And so to the final product, the final place. Yes it costs more. Why shouldn’t it? More is paid for the ingredient, much more in most cases. Often higher wages are paid. And yes the places have their own unique style, they’re a little different. The staff may look a little different, act a little different, service may not be as you may have been used to elsewhere. But this is because they do have a different style and different personalities and these are being allowed to come through. One of the reasons that I got into this when I did was because of an apathy towards casual food places and coffee shops; places I did not enjoy using because of bland food and drink that yes may have appeared cheap but for me was poor value if I did not enjoy it. And places with no soul, staff with no enthusiasm and fake corporate hospitality or (in the case of independents) quite often damn right rudeness and I am sorry to say even more bland and badly made products.

And let's not forget the small scale that these guys operate on. The amount of new bakeries, new coffee shops, micro breweries, casual dining restaurants, neighbourhood bistros. This can be no bad thing. Apart from creating jobs it creates life and excitement in otherwise forgotten areas and engages staff to go and do the same, people to achieve more and go on and follow their dreams and take on more people, and so on.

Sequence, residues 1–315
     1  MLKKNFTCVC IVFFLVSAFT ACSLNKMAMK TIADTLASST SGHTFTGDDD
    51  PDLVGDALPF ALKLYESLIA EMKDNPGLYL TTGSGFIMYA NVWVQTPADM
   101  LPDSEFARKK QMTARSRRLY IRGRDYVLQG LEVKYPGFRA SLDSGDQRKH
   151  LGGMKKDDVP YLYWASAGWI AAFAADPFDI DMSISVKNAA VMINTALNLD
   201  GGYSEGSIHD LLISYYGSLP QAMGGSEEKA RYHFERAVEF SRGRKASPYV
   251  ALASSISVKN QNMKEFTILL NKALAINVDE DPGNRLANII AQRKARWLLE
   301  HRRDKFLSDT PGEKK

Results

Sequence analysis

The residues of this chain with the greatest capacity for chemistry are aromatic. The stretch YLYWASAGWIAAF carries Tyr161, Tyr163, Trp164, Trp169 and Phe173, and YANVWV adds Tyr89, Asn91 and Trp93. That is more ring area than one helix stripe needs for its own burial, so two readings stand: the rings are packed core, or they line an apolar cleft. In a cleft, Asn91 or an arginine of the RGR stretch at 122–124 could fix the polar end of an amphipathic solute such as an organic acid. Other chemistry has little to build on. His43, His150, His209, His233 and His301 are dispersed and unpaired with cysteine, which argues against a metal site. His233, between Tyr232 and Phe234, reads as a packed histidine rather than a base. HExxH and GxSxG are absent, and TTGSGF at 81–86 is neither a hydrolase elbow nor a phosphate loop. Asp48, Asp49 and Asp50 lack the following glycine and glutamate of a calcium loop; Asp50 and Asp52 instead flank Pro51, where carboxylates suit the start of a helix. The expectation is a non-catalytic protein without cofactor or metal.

Are we perfect? Are we hell. But who is?

We get things wrong. I personally do not think we are inclusive enough. I think we need to reach out further, to more people and in different ways. To our communities more. And this is happening. Approach us with an open mind. And please understand that we have to sell ourselves. That’s part of why we describe what we do the way we do, look the way we look. We are trying to differentiate ourselves from the bland uniformity so prevalent elsewhere.  We have found new products and appreciate foods differently maybe, but truthfully. And we want as many people as possible to experience the same and that’s why we are here. To be as inclusive as possible. If you don’t feel welcome then tell us so we can improve. Because as much as anything else we love people and we want to share what we have learnt with as many people as possible so that as pretentious as it may sound we can create a better world.

So for me I say let every railway arch be filled with a bakery, every derelict warehouse with a micro brewery and every high street with a free range butcher, sustainable fishmonger, organic greengrocer and artisan cafe because in the end we will be better for it, hipster or no hipster.


Giving People a Chance


Longer ago than I care to remember I was fortunate to spend a couple of years working with Charles Manning. Semi retired from from heading a major oil company in Sweden he was looking for a less stressful role. He took the lead of a new air conditioning company that I had recently become involved with in a sales role. Charles felt that this was not the best role for me and swiftly created a head of marketing position and handed it to me along with a not insignificant budget. I had no experience but he had the belief that I had what it took to do it. Within a short space of time I had developed a marketing plan, undertook a complete re branding exercise and organised a series of national sales events.